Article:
Police agencies affected by ammunition shortage

By Cheryl Glassford, Reporter
Last Updated: Saturday, March 16, 2013

As the national debate over gun control continues, ammunition is flying off the shelves at Bay area stores.

The shortage isn't just affecting civilian gun owners, but it's also having an impact on those who carry weapons to protect and serve.

While some gun owners hit the shooting range for fun, for police - it's about being prepared.

Law enforcement agencies throughout the Bay area are keeping an eye on the ammunition shortage situation.  For some, it's looking like longer waits for orders and less training ammunition at the range.

"In the civilian markets a lot of people are running out, or they're really short," said Lt. Joshua Stone, "and prices are about 20-30 percent higher than they normally would be."

Lt. Stone says it's a matter of supply and demand.  ammunition sales are being fueled by the national debate over gun control in the aftermath of the Sandy Hook shooting.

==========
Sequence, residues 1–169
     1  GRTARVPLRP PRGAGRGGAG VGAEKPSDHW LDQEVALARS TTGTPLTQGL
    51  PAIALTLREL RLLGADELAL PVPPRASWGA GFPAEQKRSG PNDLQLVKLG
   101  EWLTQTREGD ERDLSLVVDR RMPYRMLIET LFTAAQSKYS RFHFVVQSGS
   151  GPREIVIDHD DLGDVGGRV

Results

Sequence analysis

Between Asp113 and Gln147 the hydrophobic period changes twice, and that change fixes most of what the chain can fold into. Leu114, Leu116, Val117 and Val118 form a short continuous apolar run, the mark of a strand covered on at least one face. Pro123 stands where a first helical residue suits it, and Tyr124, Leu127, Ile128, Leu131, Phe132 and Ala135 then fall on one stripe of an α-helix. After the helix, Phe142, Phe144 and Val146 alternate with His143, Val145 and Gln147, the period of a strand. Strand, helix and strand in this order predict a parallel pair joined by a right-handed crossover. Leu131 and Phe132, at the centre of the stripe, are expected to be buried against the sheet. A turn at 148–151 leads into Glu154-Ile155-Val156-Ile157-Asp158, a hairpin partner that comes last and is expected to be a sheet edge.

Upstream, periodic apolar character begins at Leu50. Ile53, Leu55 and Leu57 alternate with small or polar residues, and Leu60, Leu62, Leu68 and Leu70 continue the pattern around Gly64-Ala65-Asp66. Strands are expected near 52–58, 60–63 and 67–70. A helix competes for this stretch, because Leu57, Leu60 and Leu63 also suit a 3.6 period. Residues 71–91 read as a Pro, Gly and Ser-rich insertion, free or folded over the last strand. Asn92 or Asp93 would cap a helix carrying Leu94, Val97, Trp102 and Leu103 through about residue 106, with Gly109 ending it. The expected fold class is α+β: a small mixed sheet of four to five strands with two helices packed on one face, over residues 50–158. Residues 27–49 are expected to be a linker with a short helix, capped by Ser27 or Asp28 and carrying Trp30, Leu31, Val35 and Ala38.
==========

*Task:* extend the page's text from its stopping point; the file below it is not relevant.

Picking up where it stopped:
Even though the Gulfport Police Department purchases their ammunition through law enforcement vendors, some distributors can't keep up.  Several area departments are reporting bullets are on back order, meaning a longer wait to replenish supplies.  Others ordered early, such as Hillsborough Sheriff's Office, anticipating the shortage.

Most other agencies in Pinellas and Hillsborough counties say they have plenty of the type of ammunition they use for the road.  None of the agencies are out of ammunition- Gulport officials say that's something that simply would never happen.

It's the ammunition officers use in training that's tough to find right now.  Lt. Stone says they are running lower than normal on training ammunition and cutting back on how much they use.

"We're trying to keep an eye on it, that way we don't have a critical shortage if we do come up with some training we find that's needed," said Lt. Stone. "As all agencies do, we make do with what we have and try to give the best training as possible for our officers."

Another concern is sky-rocketing costs.  Stone says it's tougher to find a good deal.

Three months ago they purchased 1,000 rounds of practice ammunition for around $600. The same amount is now going for around $1,000.  They're wondering how the situation may affect next year's budget.

"We hope it calms down, that way it will drive the price of ammunition back down," said Lt. Stone.

In the mean time they're still keeping up with scheduled training crucial to their safety, and the community they work to protect.